This is the second article in our series about First Aid in Dental Emergencies. Last time we addressed how to manage a tooth that had been ‘avulsed,’ which is dental-speak for ‘completely knocked out.’ You can read that article here.
Here, we are going to consider the situation where a tooth has received a blow but has been dislodged or displaced within its socket, rather than completely knocked out. This type of injury is called a “luxation” injury, and these are classified according to the direction of dislodgement.
Types Of Displacement Injuries And How To Recognise Them
The types of luxation injuries include:
- Concussion (of the tooth, not the patient). This means that the tooth has sustained a blow but has not been noticeably displaced. This type of injury still requires dental attention as the nerve or root may have been damaged
- Subluxation- this means that the tooth hasn’t been displaced but has been loosened. It will need to be stabilised by the dentist as soon as possible.
- Extrusive luxation- the tooth will appear longer than normal, because it has been knocked vertically out of its socket. It will need to be repositioned and stabilised by the dentist.
- Lateral luxation- the tooth has been dislodged forwards, backwards or to the side. Usually the bony socket has been fractured in the injury. This tooth will need to be repositioned and stabilised.
- Intrusive luxation- the tooth will appear shorter than normal because it has been pushed down into the socket.
It’s important to note that a dislodged tooth may be quite loose or may still feel very firm.
Applying First Aid To The Dislodged Tooth
Above all else, remain calm and check the patient for other injuries. If they are dizzy or were rendered unconscious by the blow, a head injury must be considered. A head injury should always receive priority in terms of management.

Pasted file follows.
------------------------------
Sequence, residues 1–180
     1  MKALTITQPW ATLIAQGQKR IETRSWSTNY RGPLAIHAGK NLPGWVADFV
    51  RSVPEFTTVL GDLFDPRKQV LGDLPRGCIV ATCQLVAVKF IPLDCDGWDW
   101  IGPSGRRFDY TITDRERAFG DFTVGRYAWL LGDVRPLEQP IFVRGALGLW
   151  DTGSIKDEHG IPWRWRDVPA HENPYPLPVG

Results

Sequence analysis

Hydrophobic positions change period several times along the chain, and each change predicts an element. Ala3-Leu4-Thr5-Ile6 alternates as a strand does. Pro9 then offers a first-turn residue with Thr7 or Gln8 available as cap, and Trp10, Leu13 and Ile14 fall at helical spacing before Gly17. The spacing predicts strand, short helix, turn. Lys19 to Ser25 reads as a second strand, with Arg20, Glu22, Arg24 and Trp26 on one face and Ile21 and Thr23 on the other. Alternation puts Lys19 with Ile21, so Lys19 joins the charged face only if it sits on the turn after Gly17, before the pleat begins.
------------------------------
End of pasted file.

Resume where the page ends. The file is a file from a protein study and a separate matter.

The aim of first aid is to try to return the tooth to its original position as quickly as possible and to stabilise it in place. Use the nearby teeth to guide the tooth into the correct position, although sometimes the tooth won’t realign properly no matter what you do: this can be because there is something preventing the tooth from moving back into its socket (the fractured bony socket), or the tooth may not have been straight in the first place.
A tooth that has been pushed into its socket will often be very difficult to reposition. It’s OK if you are unable to do so: the dentist will manage this injury.
If several teeth are loose and seem to be moving together, it’s likely that the bone holding them in place has been fractured.
The repositioned tooth must be held in place on the trip to the emergency dentist, and this can either be done by finger pressure, biting on a clean gauze or handkerchief or using some aluminium foil to fashion a splint, much like one might use a stick and some bandages to stabilise a broken limb.
The injured person should be taken directly to a dentist for management: time is of the essence.
Download Our Dental First Aid Guide
We have developed a guide to the management of dental injuries that you are welcome to download and share with others. Why not laminate a copy and ask your child’s school, sports coach and other significant adults to keep it handy as part of their first aid kit.